With the presidential election less than two weeks away, there isn’t a clear indication of how the final outcome will affect the medtech industry. During last week’s final presidential debate, candidates Hillary Clinton and Donald Trump threw punches on healthcare issues surrounding abortion and the Affordable Care Act. Clinton and Trump have both expressed concern over the ACA: During the second debate, Clinton said she was going to “fix” it, while last week Trump said, “one thing we have to do is repeal and replace the disaster known as Obamacare”.
Clinton’s campaign has not commented on one of the biggest issues brought on by the ACA that is affecting medical device companies: The 2.5% medical device excise tax, which was put on a two-year moratorium last December.
At this year’s AdvaMed conference, former HHS Secretary Tommy Thompson said that if Trump wins the election his administration would repeal the tax. If Clinton wins, it’s possible that the tax will be suspended.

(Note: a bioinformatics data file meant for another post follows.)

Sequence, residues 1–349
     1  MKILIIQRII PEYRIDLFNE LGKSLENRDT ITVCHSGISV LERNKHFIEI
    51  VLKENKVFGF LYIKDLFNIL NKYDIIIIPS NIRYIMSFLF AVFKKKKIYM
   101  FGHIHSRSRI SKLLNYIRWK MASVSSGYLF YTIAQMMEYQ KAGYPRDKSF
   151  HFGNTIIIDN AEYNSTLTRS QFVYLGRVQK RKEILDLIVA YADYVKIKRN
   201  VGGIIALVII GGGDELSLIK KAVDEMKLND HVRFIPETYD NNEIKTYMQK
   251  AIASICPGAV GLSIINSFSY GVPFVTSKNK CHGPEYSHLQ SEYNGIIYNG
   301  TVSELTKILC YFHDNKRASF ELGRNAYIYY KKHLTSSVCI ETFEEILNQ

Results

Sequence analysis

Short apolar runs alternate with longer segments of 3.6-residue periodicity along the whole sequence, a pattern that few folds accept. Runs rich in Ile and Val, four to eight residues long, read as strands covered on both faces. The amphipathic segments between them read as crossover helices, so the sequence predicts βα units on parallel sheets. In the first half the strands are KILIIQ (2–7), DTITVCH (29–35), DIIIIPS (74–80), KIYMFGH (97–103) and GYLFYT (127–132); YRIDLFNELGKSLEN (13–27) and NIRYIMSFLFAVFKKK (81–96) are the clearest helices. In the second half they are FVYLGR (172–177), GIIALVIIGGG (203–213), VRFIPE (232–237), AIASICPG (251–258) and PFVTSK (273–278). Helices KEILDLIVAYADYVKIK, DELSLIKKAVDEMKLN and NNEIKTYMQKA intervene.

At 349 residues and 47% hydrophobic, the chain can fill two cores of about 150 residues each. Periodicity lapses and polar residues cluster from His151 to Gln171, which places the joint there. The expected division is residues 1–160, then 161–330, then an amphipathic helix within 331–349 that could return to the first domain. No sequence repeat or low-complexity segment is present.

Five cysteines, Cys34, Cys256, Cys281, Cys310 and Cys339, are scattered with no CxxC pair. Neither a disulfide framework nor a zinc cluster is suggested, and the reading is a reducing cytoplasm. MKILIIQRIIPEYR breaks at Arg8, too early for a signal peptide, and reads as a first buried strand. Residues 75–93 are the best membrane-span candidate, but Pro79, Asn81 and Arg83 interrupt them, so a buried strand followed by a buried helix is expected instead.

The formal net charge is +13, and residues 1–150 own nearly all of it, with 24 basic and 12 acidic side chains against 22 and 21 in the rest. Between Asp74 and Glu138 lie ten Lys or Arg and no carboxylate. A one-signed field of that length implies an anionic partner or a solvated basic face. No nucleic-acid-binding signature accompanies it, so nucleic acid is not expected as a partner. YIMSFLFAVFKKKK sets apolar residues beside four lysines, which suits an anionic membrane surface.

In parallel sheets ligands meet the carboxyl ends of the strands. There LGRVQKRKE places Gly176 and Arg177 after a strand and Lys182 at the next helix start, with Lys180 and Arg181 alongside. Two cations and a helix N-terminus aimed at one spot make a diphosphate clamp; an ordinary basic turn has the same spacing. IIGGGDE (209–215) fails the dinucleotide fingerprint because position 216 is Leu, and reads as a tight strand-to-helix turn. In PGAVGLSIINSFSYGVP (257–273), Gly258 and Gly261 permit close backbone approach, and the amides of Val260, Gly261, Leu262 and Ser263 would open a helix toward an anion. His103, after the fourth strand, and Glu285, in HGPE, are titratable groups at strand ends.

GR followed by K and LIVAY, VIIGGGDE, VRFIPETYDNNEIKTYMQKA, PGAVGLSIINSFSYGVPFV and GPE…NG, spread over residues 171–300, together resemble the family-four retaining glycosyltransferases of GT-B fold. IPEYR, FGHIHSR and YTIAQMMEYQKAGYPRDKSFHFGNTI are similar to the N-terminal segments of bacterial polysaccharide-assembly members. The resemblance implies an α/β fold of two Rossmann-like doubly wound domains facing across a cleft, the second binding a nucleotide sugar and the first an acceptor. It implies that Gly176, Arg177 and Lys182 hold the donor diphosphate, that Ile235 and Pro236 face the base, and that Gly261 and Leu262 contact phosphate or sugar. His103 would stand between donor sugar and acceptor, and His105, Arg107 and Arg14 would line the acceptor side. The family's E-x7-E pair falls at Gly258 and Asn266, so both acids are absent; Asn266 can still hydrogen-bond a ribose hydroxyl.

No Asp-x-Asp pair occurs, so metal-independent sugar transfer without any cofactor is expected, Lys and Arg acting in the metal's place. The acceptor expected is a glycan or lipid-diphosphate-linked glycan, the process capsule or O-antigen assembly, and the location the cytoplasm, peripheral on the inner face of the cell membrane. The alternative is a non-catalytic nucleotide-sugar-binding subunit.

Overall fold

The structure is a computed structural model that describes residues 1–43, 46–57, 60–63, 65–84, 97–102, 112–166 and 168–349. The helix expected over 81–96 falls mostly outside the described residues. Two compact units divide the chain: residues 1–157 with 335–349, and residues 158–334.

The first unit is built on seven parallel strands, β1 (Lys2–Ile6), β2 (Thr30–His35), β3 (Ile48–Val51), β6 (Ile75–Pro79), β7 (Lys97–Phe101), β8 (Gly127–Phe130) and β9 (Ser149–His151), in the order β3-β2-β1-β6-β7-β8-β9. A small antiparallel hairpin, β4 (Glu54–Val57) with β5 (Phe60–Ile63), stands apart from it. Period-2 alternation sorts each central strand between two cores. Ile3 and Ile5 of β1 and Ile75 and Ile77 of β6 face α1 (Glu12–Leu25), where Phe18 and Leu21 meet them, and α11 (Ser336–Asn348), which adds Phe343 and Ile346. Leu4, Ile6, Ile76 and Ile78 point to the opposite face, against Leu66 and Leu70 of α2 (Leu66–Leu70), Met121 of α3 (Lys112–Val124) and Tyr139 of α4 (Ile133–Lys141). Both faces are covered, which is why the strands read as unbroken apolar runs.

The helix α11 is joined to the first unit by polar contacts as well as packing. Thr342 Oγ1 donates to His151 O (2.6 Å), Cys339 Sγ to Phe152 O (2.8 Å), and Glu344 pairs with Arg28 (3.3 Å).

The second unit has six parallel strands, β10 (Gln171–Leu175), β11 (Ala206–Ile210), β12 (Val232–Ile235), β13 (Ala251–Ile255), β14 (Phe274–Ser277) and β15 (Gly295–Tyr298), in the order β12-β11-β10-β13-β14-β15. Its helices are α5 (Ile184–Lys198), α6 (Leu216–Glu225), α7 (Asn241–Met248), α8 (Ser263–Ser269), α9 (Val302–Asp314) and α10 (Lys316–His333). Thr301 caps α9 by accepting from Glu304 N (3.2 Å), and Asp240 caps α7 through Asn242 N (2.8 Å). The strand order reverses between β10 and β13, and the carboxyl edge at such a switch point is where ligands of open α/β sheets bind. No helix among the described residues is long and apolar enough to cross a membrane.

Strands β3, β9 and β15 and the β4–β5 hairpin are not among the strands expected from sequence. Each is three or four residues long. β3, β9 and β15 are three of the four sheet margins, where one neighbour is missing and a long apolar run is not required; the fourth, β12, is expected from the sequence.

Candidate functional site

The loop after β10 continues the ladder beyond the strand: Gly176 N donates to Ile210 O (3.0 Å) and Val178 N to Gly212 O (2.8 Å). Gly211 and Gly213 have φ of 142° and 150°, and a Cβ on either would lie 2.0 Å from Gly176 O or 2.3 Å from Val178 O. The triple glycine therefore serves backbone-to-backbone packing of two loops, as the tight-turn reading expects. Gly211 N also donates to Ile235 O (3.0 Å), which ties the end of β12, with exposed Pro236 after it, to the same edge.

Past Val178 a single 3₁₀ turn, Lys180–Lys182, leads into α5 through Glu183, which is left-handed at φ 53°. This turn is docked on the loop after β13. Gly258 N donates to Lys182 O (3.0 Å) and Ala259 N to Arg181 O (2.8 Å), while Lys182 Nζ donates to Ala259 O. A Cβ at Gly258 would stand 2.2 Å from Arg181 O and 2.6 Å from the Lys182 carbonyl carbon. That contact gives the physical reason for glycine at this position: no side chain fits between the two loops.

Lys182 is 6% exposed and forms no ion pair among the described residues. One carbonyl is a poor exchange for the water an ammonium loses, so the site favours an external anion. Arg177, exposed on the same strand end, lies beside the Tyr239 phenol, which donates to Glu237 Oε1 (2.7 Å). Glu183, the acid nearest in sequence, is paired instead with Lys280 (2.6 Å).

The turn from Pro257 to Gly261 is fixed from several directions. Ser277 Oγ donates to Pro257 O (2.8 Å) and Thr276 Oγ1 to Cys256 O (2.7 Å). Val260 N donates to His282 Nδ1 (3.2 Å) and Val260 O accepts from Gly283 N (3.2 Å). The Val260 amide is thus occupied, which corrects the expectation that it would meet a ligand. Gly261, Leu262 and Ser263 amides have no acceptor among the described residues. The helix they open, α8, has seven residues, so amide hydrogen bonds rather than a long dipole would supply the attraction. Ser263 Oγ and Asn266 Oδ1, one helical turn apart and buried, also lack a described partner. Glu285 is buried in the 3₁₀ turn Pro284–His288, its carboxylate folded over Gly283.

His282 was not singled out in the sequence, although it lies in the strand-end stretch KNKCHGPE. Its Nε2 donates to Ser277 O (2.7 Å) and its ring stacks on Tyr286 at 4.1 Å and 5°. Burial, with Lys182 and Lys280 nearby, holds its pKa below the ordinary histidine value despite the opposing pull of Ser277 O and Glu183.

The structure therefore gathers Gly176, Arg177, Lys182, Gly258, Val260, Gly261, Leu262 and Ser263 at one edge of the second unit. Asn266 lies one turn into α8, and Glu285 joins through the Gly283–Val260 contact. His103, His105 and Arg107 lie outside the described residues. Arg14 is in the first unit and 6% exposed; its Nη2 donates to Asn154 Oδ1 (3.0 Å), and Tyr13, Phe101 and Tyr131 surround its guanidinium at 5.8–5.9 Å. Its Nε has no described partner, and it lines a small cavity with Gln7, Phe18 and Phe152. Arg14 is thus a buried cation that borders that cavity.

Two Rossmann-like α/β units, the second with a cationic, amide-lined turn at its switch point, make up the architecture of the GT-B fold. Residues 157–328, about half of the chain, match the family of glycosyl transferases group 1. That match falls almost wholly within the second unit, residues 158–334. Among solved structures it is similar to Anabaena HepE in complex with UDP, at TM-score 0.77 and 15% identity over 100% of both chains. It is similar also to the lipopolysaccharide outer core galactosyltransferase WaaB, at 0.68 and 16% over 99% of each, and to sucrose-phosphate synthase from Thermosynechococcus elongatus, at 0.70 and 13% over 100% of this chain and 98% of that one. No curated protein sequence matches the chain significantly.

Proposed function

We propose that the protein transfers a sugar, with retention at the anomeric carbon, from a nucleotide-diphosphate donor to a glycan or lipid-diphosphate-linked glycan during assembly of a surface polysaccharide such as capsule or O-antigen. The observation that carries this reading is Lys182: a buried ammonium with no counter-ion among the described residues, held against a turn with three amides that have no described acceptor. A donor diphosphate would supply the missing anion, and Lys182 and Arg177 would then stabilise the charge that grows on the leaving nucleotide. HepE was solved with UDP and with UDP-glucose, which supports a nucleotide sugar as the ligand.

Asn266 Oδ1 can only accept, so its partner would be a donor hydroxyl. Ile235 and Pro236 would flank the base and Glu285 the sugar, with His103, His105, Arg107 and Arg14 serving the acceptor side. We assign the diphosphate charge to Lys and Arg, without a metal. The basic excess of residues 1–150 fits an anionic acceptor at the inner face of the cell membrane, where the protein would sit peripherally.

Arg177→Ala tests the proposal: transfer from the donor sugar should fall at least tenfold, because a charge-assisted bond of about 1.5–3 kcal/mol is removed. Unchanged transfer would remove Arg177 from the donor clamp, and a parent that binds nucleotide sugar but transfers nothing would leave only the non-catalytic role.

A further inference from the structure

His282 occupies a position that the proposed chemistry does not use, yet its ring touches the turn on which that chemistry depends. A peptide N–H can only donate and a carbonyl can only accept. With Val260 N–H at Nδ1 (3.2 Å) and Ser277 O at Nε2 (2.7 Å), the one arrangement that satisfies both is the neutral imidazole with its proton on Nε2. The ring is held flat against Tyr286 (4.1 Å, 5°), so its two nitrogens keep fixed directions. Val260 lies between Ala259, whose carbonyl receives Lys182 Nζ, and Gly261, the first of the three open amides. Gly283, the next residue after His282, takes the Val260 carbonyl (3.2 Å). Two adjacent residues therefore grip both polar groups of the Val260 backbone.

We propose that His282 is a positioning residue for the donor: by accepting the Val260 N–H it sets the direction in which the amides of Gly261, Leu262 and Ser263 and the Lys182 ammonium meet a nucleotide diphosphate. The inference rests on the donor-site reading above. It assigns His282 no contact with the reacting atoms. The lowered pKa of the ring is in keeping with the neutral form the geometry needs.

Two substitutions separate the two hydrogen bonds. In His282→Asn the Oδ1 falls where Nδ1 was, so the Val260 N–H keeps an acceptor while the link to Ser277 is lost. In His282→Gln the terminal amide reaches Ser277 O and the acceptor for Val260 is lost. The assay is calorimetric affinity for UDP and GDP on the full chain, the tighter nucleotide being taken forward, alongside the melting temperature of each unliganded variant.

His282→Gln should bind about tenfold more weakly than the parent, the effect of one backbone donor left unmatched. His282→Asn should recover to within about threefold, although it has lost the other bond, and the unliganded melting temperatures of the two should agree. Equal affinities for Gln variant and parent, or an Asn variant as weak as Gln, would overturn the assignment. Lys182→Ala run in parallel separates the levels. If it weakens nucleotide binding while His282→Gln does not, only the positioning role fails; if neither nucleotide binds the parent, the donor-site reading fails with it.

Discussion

“It will start coming back to the agenda December 31, 2017. I think one expectation could be it’s a give one, take one—so if I put the medical device tax back into play as part of the ACA, maybe I will give you something—a [tax] provision that will be like a one-time holiday,” says Arta Ural, Ernst & Young Partner in Transactional Advisory Services. “We don’t expect it to happen in 2017, because they have bigger, better issues to tackle. But ACA will clearly be going through some iterations as they figure out better coverage, etc., [and] things like the excise tax as part of the ACA will have to be looked at in a grander scheme of things. That’s more on the ‘18, ’19 [agenda].”
According to John Babitt, EY Partner in Transactional Advisory Services, democratic senators in states including Minnesota, Massachusetts and Illinois will feel immense pressure to extend the suspension of the tax. “I do feel like it will be a political hot button—they jammed this through as part of something broader, and everyone is doing their fair share for it to be very difficult for them to stomach the politics of letting this come back.”